Lesotho – where to?
The objective of this paper is to provide a background to Lesotho’s economic and trade policies with a particular emphasis on future directions for the Mountain Kingdom. For this it relies heavily on several recent published documents.
Lesotho is a relatively poor country, with many of the human development outcomes that are below the norms for a country of Lesotho’s income level. It is close to a poverty trap and, worryingly, this persistence of poverty and rising inequality has happened in an economy that grew at annual rates of 4% per capita over the past decade. Problems that Lesotho faces include the need for the public sector to be modernised and for private-sector jobs to increase. Moreover, declines in Southern African Customs Union (SACU) tariff revenues that provide over half of Lesotho’s public-sector finances, are a reality.
The World Bank considers that Lesotho’s poverty stagnation could be partially attributed to a decline in remittances and a still large dependence on subsistence farming among many households. Lesotho will require broad-based job creation, greater productivity, and a structural shift from an unhealthy dependence on the public sector to a strong and competitive private sector. Lesotho’s economy remains dependent on subsistence agriculture, a sector where most of these people are engaged in small-scale farming and herding; labour productivity is low and is losing competitiveness. Problems in the agricultural sector focus on the land quality and the traditional land tenure systems that discourage investment in land improvements. Lesotho must find the optimal package of policy reforms, institutional changes, and supporting investments to drive technological changes in this sector.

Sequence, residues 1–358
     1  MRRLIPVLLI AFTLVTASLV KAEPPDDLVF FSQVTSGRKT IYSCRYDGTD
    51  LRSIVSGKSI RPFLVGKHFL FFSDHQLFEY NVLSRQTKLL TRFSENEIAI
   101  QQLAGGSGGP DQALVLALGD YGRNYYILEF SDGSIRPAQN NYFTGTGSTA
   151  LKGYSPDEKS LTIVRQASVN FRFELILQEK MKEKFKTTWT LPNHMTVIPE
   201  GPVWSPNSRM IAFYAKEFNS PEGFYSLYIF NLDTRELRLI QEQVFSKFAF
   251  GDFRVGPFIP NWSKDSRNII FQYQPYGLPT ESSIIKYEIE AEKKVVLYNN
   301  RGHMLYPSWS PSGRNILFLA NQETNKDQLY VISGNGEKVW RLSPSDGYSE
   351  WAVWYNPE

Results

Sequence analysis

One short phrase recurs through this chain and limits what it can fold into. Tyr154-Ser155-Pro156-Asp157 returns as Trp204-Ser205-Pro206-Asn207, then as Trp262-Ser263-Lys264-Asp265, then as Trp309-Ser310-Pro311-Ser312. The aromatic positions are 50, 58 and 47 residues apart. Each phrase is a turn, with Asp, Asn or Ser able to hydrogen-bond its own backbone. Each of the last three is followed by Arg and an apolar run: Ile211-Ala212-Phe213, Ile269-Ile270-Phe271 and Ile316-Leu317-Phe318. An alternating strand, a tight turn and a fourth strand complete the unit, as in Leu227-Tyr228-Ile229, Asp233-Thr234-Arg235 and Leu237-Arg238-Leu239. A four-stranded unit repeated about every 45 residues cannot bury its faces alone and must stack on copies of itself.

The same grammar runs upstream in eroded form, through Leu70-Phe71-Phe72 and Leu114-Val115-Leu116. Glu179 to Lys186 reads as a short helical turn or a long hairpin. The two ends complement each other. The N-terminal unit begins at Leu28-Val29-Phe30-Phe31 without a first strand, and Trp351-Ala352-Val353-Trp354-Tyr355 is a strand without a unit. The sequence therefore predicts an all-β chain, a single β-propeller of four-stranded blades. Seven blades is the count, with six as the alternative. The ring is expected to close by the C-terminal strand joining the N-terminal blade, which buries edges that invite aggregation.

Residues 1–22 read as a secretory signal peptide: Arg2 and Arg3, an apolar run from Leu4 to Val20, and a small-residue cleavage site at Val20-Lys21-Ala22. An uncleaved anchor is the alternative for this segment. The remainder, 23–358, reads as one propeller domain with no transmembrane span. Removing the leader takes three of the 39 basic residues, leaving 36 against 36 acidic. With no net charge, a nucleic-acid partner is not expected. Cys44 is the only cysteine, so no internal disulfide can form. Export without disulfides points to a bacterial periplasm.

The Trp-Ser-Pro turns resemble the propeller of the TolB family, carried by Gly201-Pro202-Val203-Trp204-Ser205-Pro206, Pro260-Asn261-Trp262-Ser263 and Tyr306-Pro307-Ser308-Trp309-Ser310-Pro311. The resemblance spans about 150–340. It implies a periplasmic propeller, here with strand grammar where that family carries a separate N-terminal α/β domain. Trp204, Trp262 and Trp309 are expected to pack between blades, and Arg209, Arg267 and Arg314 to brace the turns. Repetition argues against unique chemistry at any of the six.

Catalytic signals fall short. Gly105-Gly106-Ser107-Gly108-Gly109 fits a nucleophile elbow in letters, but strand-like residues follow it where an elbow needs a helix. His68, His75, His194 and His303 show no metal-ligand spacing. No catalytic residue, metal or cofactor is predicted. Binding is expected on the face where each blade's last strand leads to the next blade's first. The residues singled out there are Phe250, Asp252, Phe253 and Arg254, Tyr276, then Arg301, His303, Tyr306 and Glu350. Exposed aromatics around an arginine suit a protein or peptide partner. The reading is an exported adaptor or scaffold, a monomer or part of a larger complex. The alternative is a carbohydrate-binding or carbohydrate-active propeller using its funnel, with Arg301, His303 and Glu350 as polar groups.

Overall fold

Manufacturing and in particular the textiles and clothing sector is the main contributor to the growth of Lesotho’s formal Gross Domestic Product (GDP), but this sector is stagnating in the face of competition from low-cost Asian producers and rising labour costs. Access to the US market under the Africa Growth and Opportunity Act (AGOA) means that Lesotho is vulnerable to increased competitive pressures from Asia and the United States of America (US). Mining, the fastest growing sector in Lesotho, is the one bright spot in Lesotho’s economy, and water is an important renewable asset as the export of water to South Africa contributes about 3% of GDP. Tourism is important for economic diversification but, again, there are problems with productivity as well as infrastructural constraints.
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